in πŸ““ Notes

Cyberattacks, Crime and Defenses

Notes for the course 2IMS20.

Web apps and attack principles

GET Parameters:

  • Passed in the URL
  • Vulnerable to XSS1
  • Only to request data, not modify1
  • Recorded in browser history1

POST Parameters:

  • Parameters hidden
  • Data sent to server on HTTP request body
  • Does not get recorded in browser history1

HTTP Week Sessions (exception: HTTP keep-alive, reuse TCP)

  • HTTP is connectionless and stateless, does not have a state.
  • All info needed to process a request is stored in the browser

SSL: Secure Sockets Layer. Protocol that allows authentication, encryption of data over the Internet.

OWASP Top 10

  1. Injection: untrusted data sent to interpreter.
    • Prevention: using prepared statements, stored procedures, whitelist input validation, escaping all user supplied input.
  2. Broken Authentication: app functions related to authentication and session management are implemented incorrectly. Allows attackers to assume others' identities.
    • Prevention: multi factor authentication, no default credentials, password checks, limit login attempts, client side secure session manager to create random session IDs.
  3. Sensitive Data Exposure: sensitive data may not be protected well.
    • Prevention: classify data, controls per classification, don’t store data unnecessarily, encrypt resting sensitive data, proper key management, encrypt data in transit, disable caching for responses that contain sensitive data.
  4. XML External Entities (XEE): old XML processors evaluate external entities references within XML documents. External entities can be used to disclose internal files using the file URI handler, internal file shares, internal port scanning, remote code execution, DDoS attacks.
    • Prevention: use less complex data formats such as JSON, avoid serializing sensitive data. Patch/upgrade all XML processors. Disable XML external entities and DTD processing in XML parsers. Whitelisting for server side input validation.
  5. Broken Access Control: restrictions or what authenticated users can do is not properly enforced.
    • Prevention: deny by default, implement access control mechanisms once and reuse in the app. Model access controls should enforce record ownership rather than group privileges. Disable webserver listing and ensure file metadata/backup files are not in the web root. Log access control failures and alert. Rate limit APIs.
  6. Security Misconfiguration: misconfigured HTTP headers, verbose errors messages with sensitive information, open cloud storage.
    • Prevention: minimal paltform without unnecessary features. Review/update configs. Segmented application architecture that provides effective, secure component separation. Repeatable hardening process to verify effectiveness of configs and settings in all environments.
  7. Cross-Site Scripting (XSS): allows attacker to execute scripts on victims browser. Occurs when an app includes untrusted data without proper validation or updates on existing page with user supplied data.
    • Prevention: use frameworks that automatically escape XSS by design, escaping untrusted HTTP requests based on the context of HTML output. Context sensitive encoding when modifying browser document on client side. Content Security Policy (CSP) headers.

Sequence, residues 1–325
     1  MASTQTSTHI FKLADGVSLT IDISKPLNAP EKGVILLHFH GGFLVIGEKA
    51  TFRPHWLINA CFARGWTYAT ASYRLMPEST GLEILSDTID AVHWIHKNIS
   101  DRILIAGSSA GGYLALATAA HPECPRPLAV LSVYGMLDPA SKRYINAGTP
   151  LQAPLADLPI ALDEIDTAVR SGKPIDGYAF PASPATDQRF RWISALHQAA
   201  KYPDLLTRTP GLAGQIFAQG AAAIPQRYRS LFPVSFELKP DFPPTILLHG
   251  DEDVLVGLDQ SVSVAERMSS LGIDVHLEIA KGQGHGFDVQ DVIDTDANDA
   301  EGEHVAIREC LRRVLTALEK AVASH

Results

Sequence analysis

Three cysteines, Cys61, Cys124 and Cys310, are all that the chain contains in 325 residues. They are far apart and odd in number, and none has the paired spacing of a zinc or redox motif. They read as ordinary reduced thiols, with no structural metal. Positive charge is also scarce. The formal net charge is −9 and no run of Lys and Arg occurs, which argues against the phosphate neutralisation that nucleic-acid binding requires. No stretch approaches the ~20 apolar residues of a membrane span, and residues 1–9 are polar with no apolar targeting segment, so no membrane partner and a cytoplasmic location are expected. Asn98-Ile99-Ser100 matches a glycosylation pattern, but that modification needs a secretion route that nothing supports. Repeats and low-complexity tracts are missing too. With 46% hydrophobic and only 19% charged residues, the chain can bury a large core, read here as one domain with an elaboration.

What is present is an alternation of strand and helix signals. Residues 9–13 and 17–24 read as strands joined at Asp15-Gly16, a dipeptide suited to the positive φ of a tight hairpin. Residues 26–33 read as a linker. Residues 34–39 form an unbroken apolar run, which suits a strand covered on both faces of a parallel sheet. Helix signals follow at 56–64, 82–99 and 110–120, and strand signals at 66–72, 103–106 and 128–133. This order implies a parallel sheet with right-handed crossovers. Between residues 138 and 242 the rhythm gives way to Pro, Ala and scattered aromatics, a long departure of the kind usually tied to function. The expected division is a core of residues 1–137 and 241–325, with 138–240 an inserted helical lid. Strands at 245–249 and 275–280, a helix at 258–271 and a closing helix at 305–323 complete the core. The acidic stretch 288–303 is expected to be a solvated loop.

8. Insecure Deserialization: leads to remote code execution.
    • Prevention: integrity check, enforce strict type constraints, isolate and run code that deserializes in low profile environments.
  9. Using Components with Known Vulnerabilities: self explanatory. Can cause data loss.
    • Prevention: remove unused dependencies, features. Always check for vulnerabilities. Only use official apps. update and patch.
  10. Insufficient Logging & Monitoring: coupled with missing or ineffective integration with incident response, allows attackers to further attack systems, maintain persistence.
    • Prevention: ensure all login, access control failures and server side input validation is logged with sufficient context. Establish effective monitoring/alerting systems. Establish and adapt incident response and recovery plans.


  • Used to implement sessions
  • Domain + path (subdomain should be a sub of cookie domain)
  • HTTP responses may contain cookies that set a value in the browser
  • Can be viewed/changed easily on the client side manually (Temperdata for example)


  • Associated to first level domain maintainer by Internet Providers.
  • Tracking via IP
  • Often blocked by browsers

BeEF Project

  • The Browser Exploitation Framework (BeEF)
  • Fingerprinting, adapt response to request

SQL Injection

  • Prevention
    • Bind variables (distinguish code and data)
    • Sanitization
    • Minimize DB privileges


  • Types
    • Reflected (non-persistent):<script>...</script>
    • Stored (persistent): post message on forum containing <script>
  • Rules
    • Arbitrary scripts can’t read cookies
    • Cookies cannot be read from another domain
  • Prevention
    • Sanitization
    • Signature-based Filters

Targeted attacks

Watering Hole Attacks

  • Attack website that is often used by targeted victims
  • When victim visits target website, they are infected via exploit

Living off the land

  • Obtain credentials without malware (e.g. social engineering, look over the shoulder)
  • Once inside the network, use credentials to do damage through legitimate channels
  • Hard to detect

Critical infrastructure


  • Supervisory Control And Data Acquisition
  • Sends commands to programmable Logic Controllers (PLC)
  • Uses specialized, proprietary protocols
  • Used to be isolated, now often remotely controlled

Stuxnet (2009)

  • Breakthrough of cyber-physical attacks
  • Broke centrifuges in Iranian nuclear enrichment plant
  • Got inside the network through USB stick with 0-day exploits
  • Targeted attack, but spread all over the world
  • Provided false feedback to controllers


  • Goal: gather information and gain persistent access
  • Focus on energy companies
  • Likely state-sponsored

BlackEnergy 3 (2015)

  • Attack on Ukranian power grid
  • Dropped through phishing attachment
  • Network reconnaisance and develop malware using in-house devices
  • Attack transmission substations by opening breakers
  • DoS attack on customer support

Industroyer (2016)

  • Attack on Ukranian power grid (again)
  • More automated than BlackEnergy
  • Attacked distribution substations

Case studies

CryptoLocker (2013)

  • Breakthrough of ransomware
  • Encrypts host data

Petya (2016)

  • Overwrites boot record (no encryption)
  • Spreads without human intervention

WannaCry (2017)

  • Highest damage ransomware
  • Encrypts host data
  • Spreads without human intervention
  • Used ExternalBlue (SMB) exploit

NotPetya (2017)

  • Encrypts host data
  • Asks for ransom, but files are never decrypted (actually not a ransomware)

Equifax Hack (2017)

  • Exposed personal data
  • Used vulnerability in Apache web server


  • Prevention: make it harder to use (e.g. banned by PayPal)
  • Rate limit requests

Building automation security

Operational Technology (OT)

  • Hardware and software that controls or monitors physical processes
  • Building Automation Systems (BAS)
  • Programmable Logic Controllers (PLC)
  • Supervisory Control And Data Acquisition (SCADA)
  • Industrial Control Systems (ICS)

Building automation network

  • Management: workstations